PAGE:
- Range (biology)
- Population distribution redirects here. For the probability distribution of a statistical population see Probability distribution and Statistical population.
In biology, the range or distribution of a species is the geographical area within which that species can be found. Within that range, dispersion is variation in local density.
The term is often qualified:
- sometimes a distinction is made between a species' native range and the places to which it has been introduced by human agency (deliberately or accidentally), as well as where it has been re-introduced following extirpation.
- for species which are found in different regions at different times of year, terms such as summer range and winter range are often employed.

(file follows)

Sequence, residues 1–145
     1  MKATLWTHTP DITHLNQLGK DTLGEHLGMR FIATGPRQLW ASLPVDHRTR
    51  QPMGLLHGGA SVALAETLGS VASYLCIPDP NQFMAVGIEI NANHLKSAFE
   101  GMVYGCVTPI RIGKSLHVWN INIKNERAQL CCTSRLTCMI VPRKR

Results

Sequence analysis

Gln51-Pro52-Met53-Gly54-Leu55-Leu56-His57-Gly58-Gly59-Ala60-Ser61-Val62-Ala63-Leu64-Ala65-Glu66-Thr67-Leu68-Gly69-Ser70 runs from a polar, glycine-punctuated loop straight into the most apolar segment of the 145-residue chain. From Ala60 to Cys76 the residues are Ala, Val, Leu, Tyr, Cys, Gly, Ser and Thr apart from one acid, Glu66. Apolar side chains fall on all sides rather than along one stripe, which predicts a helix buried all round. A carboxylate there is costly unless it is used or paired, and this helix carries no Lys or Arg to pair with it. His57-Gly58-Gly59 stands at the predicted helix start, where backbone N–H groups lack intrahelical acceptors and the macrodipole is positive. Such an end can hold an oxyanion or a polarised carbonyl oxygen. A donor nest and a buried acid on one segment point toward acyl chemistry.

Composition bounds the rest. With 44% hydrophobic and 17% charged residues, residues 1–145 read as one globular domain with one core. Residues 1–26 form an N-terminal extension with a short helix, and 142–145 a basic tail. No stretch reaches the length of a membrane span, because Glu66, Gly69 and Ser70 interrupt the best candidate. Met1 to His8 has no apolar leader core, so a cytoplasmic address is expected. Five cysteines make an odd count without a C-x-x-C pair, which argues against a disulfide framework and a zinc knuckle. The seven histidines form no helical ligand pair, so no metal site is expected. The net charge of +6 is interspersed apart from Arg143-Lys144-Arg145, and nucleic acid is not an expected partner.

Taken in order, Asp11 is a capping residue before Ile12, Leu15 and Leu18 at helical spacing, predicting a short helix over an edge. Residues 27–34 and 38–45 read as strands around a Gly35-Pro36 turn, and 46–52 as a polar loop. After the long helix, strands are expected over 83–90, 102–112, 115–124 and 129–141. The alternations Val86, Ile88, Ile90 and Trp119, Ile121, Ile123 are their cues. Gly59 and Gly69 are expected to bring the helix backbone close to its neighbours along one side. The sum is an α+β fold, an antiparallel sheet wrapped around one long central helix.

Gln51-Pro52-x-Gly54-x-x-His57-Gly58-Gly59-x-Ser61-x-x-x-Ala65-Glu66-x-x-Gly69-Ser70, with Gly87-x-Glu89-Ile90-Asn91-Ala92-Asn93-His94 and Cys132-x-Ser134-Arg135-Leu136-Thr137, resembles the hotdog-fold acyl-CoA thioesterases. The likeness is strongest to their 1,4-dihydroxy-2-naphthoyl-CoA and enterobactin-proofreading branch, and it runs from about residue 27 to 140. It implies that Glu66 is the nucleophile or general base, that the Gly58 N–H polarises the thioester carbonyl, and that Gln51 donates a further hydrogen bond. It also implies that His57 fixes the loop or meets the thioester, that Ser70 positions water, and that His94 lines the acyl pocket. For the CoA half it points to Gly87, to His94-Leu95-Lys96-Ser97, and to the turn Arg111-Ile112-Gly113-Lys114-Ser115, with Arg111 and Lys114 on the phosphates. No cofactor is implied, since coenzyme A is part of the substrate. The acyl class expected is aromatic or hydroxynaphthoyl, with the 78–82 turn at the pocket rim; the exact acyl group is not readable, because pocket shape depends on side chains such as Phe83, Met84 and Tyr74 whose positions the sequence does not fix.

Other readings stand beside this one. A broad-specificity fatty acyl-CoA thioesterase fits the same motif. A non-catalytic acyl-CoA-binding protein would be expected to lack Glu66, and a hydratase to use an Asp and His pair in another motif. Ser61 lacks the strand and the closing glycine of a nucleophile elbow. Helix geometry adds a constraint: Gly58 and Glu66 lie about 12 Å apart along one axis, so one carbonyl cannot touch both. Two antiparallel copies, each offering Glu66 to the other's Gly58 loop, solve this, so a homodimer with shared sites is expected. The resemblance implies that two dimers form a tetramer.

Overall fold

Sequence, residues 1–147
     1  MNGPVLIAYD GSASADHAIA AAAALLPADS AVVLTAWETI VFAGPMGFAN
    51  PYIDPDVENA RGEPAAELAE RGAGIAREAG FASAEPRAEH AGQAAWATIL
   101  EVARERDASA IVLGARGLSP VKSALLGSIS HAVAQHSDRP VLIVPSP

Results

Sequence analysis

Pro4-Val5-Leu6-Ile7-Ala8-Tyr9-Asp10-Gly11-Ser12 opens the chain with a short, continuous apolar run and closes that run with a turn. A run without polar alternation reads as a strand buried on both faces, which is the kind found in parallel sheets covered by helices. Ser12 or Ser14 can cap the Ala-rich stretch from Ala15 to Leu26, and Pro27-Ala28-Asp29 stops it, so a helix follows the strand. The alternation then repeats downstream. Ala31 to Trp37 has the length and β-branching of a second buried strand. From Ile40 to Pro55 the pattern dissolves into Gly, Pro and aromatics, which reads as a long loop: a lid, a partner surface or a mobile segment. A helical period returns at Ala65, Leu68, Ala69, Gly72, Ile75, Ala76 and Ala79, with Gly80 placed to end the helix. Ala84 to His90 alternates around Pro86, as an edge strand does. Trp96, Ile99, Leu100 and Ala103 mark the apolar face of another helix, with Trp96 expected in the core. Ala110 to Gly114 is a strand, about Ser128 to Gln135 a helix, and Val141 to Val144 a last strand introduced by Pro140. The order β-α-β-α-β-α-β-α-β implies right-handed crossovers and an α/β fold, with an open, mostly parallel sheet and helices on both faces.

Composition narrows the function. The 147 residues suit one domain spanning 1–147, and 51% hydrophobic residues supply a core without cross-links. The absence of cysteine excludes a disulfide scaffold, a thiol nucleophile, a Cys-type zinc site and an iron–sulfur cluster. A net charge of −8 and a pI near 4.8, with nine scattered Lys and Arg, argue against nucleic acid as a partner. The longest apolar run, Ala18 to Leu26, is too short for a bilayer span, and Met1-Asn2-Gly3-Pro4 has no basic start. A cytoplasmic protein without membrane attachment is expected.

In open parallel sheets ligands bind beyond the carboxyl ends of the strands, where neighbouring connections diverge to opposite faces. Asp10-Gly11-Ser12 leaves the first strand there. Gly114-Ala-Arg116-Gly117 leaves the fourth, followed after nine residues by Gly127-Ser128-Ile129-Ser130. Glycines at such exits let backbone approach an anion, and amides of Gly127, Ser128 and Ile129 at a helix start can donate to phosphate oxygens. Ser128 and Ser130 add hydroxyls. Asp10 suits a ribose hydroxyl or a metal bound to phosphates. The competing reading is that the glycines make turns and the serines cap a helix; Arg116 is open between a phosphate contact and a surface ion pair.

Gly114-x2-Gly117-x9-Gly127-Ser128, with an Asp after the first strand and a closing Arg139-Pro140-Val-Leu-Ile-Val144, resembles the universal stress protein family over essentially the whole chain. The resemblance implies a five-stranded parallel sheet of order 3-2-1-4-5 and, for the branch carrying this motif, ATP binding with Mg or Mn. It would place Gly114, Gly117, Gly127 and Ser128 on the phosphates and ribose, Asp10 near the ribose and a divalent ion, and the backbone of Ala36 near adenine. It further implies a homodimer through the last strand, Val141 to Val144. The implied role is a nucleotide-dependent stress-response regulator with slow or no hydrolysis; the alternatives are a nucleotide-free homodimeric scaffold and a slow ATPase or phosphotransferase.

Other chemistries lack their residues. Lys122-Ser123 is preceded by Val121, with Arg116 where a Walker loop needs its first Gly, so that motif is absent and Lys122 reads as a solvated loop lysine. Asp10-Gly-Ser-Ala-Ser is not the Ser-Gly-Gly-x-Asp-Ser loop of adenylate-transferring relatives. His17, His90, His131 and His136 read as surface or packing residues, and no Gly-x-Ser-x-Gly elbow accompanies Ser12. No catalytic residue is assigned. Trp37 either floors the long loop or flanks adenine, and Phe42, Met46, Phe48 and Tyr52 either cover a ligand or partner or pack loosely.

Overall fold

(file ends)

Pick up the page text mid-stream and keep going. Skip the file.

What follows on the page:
- for species where only part of their range is used for breeding activity, the terms breeding range and non-breeding range are not used.
- when discussing mobile animals, the species' natural range is often discussed, as opposed to areas where it occurs as a vagrant.
- geographic or temporal qualifiers are often added e.g. British range or pre-1950 range.
There are at least five types of distribution patterns:
- scattered/random (Random placement)
- clustered/grouped (The majority are placed in one area)
- linear (Their placements form a line)
- radial (Placements form a ' x ' shape)
- Regular/ordered (They are not random at all, but follow a set placement. Much like a grid)
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